That wacky American Pie crew is back -- er, a handful of them, anyway -- for a lackluster third and undoubtedly final outing with sex, pie, and ice cream. Okay, there's no pie or ice cream.
Picking up three years after American Pie 2, we find pastry-loving Jim (Jason Biggs) and band-camper Michelle (Alyson Hannigan) graduating from college and still in love. A wedding is deemed in order, which brings back Jim's pals Kevin (Thomas Ian Nicholas), Finch (Eddie Kaye Thomas), and Stifler (Seann William Scott) to plan the blessed event. Of course, any married man knows that no wedding in history has ever been organized by three hapless guys, and when the crew drives three hours to Chicago to buy Michelle a wedding dress (huh!?) you know we're in for an old-fashioned round of Spot the Plot Device.
The complications in the nuptials are as perfunctory as they come: sick Jewish grandma doesn't want Jim to marry a goyim, wedding night jitters, dead flowers, in-law troubles, etc. Never mind that it doesn't make sense (in three years, Jim has never met Michelle's parents!?); this is all just a platform for a whole lot of dick jokes, interrupted only to bring us more dick jokes. From an episode with Jim shaving his nether regions to Stifler's sexed-up obsession with Michele's sister Cadence (January Jones), those wanting more of the raucous humor of the first two films will be moderately pleased.
The downside is that American Wedding just doesn't measure up to its predecessors. It's just not nearly as funny, though one scene involving Stifler and (yet another) substance not made for human consumption had me in tears. The obligatory bachelor party is also a riot, as it naturally goes disastrously bad.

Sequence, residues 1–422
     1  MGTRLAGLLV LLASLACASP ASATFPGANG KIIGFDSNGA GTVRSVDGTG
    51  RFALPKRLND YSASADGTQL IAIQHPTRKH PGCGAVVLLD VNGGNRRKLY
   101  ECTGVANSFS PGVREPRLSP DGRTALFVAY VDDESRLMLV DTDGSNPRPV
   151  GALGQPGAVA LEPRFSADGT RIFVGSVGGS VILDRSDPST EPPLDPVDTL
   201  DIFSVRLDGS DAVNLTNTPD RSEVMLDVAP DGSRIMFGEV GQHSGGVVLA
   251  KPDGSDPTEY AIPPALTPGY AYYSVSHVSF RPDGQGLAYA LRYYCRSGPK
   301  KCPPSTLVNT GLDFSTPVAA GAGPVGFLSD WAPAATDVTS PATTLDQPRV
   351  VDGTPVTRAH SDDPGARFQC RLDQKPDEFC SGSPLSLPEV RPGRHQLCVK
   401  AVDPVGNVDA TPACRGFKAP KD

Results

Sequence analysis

Sometimes juvenile humor is just the ticket, but here it becomes so much overkill that Stifler's umpteen sex jokes eventually start to wear thin. A bigger problem is that Jim, Finch, and Kevin have all been watered down into predictable guys, none of them offering any surprises for us. Poor Hannigan has to take her once riotous supporting character and reinvent the dopey nympho geek as a lead role, which becomes rough when she has to play nervous and/or sad, emotions never envisioned for poor Michelle when she was conceived. Her parents (including dad Fred Willard) might have lent some insight into her flute-loving persona (as Eugene Levy builds upon Jim's character), but ultimately they're portrayed as standard in-law types.
The upshot is that you'll chuckle from time to time, but long stretches of Wedding drag as it spends countless minutes prepping for the next big joke. I can't really recommend the film, but if you do see it, you at least won't hate yourself afterward.
Finally, let's all speculate what has become of the no-shows at the wedding, including Mena Suvari, Tara Reid, Shannon Elizabeth, Natasha Lyonne, and Chris Klein. Are these kids' stars too big to appear in this film? With movies like The Musketeer, Van Wilder, and Rollerball among them, all of these actors could use a hit, badly. American Wedding may not be a great comedy, but hey, it ain't no Gigli.
My dream wedding, for sure.